31 “When the Son of Man comes in his glory, and all the angels with him, he will sit on his glorious throne. 32 All the nations will be gathered before him, and he will separate the people one from another as a shepherd separates the sheep from the goats. 33 He will put the sheep on his right and the goats on his left.

What Grace and Tilly, and really the rest of The Avenue can’t figure out, is how do we tell who is a sheep and who is a goat?  The entire Avenue has decided that their eccentric neighbor Walter Bishop is a goat and as a result they been excluded him from their community.  When I was reading the sections about Walter and his mistreatment at the hands of his neighbors I kept thinking of the famous character of Boo Ridley in To Kill a Mockingbird. Walter Bishop lives alone, is very shy and quiet and has some interesting hobbies like photography.  But The Avenue sees him as a threat to their peaceful cul-de-sac and blame him when anything goes wrong.  But Gracie and Tilly are on a mission and they even visit Walter on their quest to find God and Mrs. Creasy.  These little girls give their neighbor the respect and kindness that no one else will show him and in the process they also learn that it is not always easy to separate the goats from the sheep.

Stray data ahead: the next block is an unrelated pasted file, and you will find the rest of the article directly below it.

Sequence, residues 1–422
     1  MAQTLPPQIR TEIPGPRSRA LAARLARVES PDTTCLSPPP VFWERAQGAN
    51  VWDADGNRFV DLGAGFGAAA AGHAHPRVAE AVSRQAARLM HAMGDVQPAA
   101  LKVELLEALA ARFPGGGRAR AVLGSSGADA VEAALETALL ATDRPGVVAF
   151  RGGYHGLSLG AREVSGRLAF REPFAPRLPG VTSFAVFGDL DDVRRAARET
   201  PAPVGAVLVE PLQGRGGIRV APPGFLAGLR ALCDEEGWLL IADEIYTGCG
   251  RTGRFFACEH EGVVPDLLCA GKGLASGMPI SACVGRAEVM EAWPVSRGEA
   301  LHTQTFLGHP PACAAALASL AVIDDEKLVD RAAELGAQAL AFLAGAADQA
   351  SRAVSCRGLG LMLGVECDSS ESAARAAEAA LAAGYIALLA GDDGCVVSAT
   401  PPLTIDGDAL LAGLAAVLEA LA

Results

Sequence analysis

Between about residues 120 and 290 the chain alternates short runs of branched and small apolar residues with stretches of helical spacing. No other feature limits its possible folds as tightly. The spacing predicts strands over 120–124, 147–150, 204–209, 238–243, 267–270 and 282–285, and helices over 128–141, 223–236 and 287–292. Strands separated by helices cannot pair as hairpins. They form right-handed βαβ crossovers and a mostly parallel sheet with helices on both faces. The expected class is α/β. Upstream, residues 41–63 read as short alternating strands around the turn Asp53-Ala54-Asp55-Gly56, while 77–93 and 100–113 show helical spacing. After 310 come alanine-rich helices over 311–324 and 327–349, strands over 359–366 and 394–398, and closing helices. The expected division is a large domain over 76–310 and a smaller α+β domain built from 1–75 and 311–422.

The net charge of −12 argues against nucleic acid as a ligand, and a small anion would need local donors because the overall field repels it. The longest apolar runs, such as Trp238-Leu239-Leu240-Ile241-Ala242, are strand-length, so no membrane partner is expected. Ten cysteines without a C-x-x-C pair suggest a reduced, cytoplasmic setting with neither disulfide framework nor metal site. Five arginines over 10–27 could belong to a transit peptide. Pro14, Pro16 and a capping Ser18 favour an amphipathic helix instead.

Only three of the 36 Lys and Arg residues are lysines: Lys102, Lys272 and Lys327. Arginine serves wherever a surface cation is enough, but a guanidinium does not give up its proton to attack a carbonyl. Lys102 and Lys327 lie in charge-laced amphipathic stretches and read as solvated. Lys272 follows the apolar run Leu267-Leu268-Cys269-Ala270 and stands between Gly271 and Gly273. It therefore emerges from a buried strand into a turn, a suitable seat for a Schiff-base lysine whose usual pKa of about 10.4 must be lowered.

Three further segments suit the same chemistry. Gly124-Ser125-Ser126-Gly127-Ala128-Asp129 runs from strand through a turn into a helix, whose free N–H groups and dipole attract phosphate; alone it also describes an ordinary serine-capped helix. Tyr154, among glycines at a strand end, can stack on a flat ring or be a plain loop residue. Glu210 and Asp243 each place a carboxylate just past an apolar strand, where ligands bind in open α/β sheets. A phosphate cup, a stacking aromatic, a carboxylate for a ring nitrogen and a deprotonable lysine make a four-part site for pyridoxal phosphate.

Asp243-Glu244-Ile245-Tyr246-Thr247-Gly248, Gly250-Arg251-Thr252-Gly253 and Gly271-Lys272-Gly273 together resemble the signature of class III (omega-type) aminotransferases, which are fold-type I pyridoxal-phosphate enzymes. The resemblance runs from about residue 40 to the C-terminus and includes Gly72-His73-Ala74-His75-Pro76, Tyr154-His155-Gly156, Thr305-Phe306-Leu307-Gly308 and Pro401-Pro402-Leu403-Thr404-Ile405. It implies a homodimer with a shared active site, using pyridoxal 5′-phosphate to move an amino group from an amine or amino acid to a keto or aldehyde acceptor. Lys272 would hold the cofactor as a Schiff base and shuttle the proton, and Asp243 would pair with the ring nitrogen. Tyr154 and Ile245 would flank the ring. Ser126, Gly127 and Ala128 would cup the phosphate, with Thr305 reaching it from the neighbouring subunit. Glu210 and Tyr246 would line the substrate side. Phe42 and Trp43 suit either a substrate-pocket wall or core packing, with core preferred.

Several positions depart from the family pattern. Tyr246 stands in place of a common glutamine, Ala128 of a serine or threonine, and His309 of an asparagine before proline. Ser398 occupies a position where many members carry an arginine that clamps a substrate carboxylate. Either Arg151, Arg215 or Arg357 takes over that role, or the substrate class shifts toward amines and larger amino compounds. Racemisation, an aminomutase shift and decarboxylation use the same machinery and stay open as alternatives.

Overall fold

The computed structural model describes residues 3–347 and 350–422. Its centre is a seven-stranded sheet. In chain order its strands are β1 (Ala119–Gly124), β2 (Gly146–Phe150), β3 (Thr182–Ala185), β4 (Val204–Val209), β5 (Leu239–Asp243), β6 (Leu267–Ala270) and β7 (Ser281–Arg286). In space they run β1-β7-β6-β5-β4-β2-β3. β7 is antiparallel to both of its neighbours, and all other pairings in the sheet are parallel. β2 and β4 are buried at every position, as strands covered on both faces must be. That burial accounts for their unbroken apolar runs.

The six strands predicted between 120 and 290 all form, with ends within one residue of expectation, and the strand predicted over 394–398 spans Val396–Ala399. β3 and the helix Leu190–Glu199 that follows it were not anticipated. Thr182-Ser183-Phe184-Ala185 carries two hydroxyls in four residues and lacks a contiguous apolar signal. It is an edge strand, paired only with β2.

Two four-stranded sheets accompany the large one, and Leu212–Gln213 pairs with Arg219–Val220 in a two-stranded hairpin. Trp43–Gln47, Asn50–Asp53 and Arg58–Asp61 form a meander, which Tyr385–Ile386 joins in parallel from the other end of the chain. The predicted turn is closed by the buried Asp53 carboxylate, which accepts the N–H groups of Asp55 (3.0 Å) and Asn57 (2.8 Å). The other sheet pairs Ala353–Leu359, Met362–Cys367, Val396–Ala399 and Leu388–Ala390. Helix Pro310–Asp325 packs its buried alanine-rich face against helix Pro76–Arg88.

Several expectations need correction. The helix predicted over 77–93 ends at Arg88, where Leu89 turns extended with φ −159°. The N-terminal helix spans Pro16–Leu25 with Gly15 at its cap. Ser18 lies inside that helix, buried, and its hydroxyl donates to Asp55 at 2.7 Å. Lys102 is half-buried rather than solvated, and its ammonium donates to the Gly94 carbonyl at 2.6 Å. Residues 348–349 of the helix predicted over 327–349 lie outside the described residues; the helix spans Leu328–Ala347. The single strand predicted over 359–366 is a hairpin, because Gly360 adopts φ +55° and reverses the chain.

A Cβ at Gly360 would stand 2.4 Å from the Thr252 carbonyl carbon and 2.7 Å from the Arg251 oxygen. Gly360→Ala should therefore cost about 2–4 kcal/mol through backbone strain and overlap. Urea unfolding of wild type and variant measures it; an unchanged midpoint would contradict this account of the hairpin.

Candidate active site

This story was funny, charming and engaging.  I was surprised to find out that this is Joanna Cannon’s first novel because she has the talent of a mature and experienced author.  This has been one of my favorite reads so far this summer.

For more information about Joanna Cannon visit her website: https://joannacannon.com/